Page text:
Earlier, I was also appalled by the insistence of several news organizations to pronounce the Congresswoman dead, when, in fact, she was not. Somehow, in the throes of the chaotic situation, the need to be first trumped the need to be accurate. It’s an error for which “oops” just doesn’t cut it.

I wrote a little something for our local newspaper’s blog, more as a way for me to cope than anything else. I used the now-infamous graphic targeting members of Congress, including Gabrielle Giffords, but the text, I thought, was rather restrained. In any case, all I needed to do was post and (mostly) get out of the way.

I did note in the comments, however, that the First Amendment-protected right to free speech is not absolute. What I didn’t say, because I did not know the facts at the time, is that the Second Amendment right to bear arms can be limited as well; the weapon the assailant used was banned in the US until 2004. Somehow, I DON’T feel safer now.

Incidentally, I found the most useful information about the shooting on C-SPAN, the website dedicated to Congress. For at least part of the time, it was using the feed of the ABC-TV affiliate in Tucson, the unfortunately named KGUN. Oddly, I had been watching an episode of Grey’s Anatomy that afternoon, in which a young gunman shot up a campus; miraculously [spoiler alert], no one died, which, unfortunately, did not extend to the real-life drama.

*I get these e-mails about 365 Ways to Drive a Liberal Crazy. Most of them are pretty lame, such as “Quote G. Gordon Liddy: ‘A liberal is someone who feels a great debt to his fellow man, which debt he proposes to pay off with your money.'” Or “Always refer, in pitying, sympathetic tones, to the ‘Liberal psychopathology.’ This implies that liberalism is a form of mental illness. Which it is.” Or “If it’s cold outside, deploy Global Warming Fun…Say to every liberal you meet, at every opportunity: ‘Brrr, it’s cold. Makes you think we could do with a bit more global warming.'”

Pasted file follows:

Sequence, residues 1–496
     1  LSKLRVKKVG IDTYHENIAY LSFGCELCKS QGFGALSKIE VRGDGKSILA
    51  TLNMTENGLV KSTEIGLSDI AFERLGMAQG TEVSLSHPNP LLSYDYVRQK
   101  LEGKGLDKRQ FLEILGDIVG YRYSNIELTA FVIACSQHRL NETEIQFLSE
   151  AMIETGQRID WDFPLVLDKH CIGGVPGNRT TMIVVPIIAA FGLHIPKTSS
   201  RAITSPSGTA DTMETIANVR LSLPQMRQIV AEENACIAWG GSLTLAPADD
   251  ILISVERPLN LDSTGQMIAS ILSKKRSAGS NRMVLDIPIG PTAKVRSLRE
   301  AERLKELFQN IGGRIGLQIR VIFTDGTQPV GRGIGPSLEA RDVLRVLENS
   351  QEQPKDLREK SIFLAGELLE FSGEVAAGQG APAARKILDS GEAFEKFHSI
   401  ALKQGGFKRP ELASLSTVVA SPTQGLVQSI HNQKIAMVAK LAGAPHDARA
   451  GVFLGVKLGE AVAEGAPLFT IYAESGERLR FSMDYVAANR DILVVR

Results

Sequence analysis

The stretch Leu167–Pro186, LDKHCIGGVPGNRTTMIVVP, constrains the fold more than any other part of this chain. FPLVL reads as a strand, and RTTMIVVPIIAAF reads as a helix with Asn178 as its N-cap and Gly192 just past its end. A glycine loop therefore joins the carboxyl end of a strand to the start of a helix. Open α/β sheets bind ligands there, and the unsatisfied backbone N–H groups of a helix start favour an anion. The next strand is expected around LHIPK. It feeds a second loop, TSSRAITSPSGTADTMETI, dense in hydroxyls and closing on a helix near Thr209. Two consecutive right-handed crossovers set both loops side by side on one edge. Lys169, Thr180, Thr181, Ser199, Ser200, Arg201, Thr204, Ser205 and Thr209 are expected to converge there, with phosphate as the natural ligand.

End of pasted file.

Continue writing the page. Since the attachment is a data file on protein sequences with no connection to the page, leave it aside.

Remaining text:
Oh, I’m SO crushed by these mean comments. What makes me cranky is the notion that 1) it should be one’s goal to annoy others, just because of political differences, and 2) that the examples are so reductivist.

*We’ve had a real winter this season, with weather forecasters having to do some heavy lifting (figuratively, at least). And, from my vantage point, they’ve been reasonably accurate. Yet I heard just this week that meteorologists are paid “$80,000 to be wrong 90% of the time.” Unfair, and untrue. What is particularly difficult in this particular region, is that, because of the topography, the snow amounts in the area, even in certain counties, could vary by half a foot.

*I’m having computer problems. When we (OK, I) got a virus in the laptop, it got scrubbed by the techie at the purchasing locale. Suddenly, we don’t have any word processing applications. The techie at Staples says we need to bring in the installation disc, but my friend says that Windows Vista doesn’t come with an installation disc, that I have to find the info on the computer and burn it onto a disc. Well, I can’t find it in there; maybe it got wiped, too. In any case, this gave me, quite literally, such a raging headache that I went to bed Sunday night at 9 pm, which is VERY early for me.

*The stationary bike is broken. One of my church buddies took it apart and found what seemed to be the broken part, but getting all the information necessary to identify the problem has turned out to be more laborious than I could have imagined.

*Sooner or later, we’re going to have to buy a new television, my first new one since 1987. When the volume is up moderately, it just kicks out periodically. You have to crank it up high enough for the set, which is downstairs, to be heard upstairs for the volume to be sustained.